I can trace back a lot of who I am to one person. My love of science comes from monthly science experiment kits that would arrive at my house; before that, Highlights Magazine, ZooBooks, and other educational magazines spurred my interest in the world and in learning. Frequent visits to bookstores and the library fostered my love of reading and writing. Trips to the theater to see ballet, concerts, and musicals has led to my interest in the entertainment arts. Lego blocks, Micro Machines, and Hot Wheels? I love city design, architecture, and road trips. All that says nothing about the life lessons I learned during our time together.
As a budding card collector living in the San Francisco Bay Area during the late 1980s to early 1990s, I was an Oakland A's fan. And in 1989, Jose Canseco was the next Hank Aaron, coming just off his 40-40 season.
That summer, using the phone book, we visited card shops around San Francisco and even went out to Berkeley. I remember a couple shops in SF became my favorites along with the local card shop in Santa Clara.
By the way, does anybody know Stevens Creek Sports Cards? That was my haunt as a kid around 1989-1991, before I moved to Georgia. The store still exists, and the owner is the same guy that was there when I visited when I was young. Another store I remember was called King's, in Berkeley, though I don't recall liking it much. Later (2010-2011), another shop in/near Berkeley would become a favorite for having realistic prices and fun in-shop auctions, though they have closed down.
And on that same note, does anyone remember a pretty big card shop in/near Detroit? They had tons of boxes - some cheap stuff too - and fantastic showcases. When I returned to Detroit after getting back into cards, the shop was either gone, moved, or unlocatable. Whatever happened to it? I'd probably remember the name if someone told me.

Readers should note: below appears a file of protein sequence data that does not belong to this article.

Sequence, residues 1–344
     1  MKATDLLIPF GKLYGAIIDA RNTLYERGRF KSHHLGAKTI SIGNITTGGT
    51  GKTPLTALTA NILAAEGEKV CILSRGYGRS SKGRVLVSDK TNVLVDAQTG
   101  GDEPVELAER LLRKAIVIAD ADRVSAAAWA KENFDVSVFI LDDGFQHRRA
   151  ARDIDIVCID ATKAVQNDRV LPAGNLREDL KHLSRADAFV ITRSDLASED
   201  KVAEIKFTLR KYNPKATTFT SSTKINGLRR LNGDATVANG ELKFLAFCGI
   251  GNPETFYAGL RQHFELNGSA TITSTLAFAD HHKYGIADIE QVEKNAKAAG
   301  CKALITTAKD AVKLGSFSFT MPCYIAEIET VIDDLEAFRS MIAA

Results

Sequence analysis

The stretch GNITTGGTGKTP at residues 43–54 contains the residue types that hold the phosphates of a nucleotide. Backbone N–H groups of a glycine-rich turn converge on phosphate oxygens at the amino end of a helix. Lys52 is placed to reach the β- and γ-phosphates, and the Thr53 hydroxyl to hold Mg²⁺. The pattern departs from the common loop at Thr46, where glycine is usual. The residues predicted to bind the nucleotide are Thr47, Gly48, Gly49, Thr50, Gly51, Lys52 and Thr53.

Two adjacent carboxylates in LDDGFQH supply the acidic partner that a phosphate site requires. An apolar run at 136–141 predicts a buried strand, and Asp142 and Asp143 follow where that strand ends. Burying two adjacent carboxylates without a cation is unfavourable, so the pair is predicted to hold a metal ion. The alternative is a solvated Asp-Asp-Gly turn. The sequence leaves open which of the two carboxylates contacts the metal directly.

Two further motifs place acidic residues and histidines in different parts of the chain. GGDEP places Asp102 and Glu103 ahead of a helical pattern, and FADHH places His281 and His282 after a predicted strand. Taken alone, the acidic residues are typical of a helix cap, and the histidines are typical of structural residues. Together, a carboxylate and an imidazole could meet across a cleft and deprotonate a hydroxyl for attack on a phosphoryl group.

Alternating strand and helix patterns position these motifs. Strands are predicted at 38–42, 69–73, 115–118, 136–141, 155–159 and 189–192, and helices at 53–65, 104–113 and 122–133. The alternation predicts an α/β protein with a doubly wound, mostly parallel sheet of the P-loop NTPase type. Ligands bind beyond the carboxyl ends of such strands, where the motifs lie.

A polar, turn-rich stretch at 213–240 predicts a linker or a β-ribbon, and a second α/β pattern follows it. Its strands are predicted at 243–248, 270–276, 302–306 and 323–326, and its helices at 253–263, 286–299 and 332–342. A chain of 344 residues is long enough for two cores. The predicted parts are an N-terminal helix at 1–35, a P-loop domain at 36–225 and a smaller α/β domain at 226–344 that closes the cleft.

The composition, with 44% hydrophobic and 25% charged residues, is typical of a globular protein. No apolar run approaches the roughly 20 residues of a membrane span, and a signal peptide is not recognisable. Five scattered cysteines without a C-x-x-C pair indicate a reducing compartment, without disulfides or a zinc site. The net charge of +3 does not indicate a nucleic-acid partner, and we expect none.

And if you lived in Atlanta in the 1990s, do you remember a shop called Who's On First? John Metasavage was the owner, and it was maybe two miles from my house. I miss that shop a lot, and I'm wondering how he's doing.
On one of my first visits to a card shop in San Francisco, on 17th or 19th Avenue around Judah/Irving, I saw the card above in a showcase. At $50, it wasn't cheap. At all. These days, I can hop on COMC and get a PSA 9 version for less than that... before inflation. It is an iconic card to this day, though, and at about $5 at the cheapest still remains one of the pricier base cards from the junk wax eras. But the card ended up in my collection, and I still have it today. In fact, I have two copies - the scan you see above is a card I grabbed from a bargain bin at a price too good to ignore.
The original card remains put away in a safe place, not for monetary value, but sentimental value. It was the first key card I had in my collection. And I still remember that day in my mind, visiting the shop, seeing the card, and having it as my own. And this was just the beginning; eventually, when I moved to Georgia, my collecting habits would be encouraged by card shipments from California of new boxes.
Collecting cards, seemingly just a way to waste money, has benefited me a lot. It is a lifelong hobby which has certainly helped me enjoy my life in Japan even more. Cards have brought me joy I've needed when I've been depressed. This blog has brought me lots of new friends and helped me even accept myself more as a person. I've learned about history through baseball and non-sport issues. I've become a very logically-oriented, organized thinker.
For all this I have my grandmother to thank. While there was a lot she did for me my whole life, her support of my hobby really helped me develop into the person I am today. Just a few of my memories of her are of us collecting cards, along with thousands of other memories of my experiences with her, but those are some of my favorites.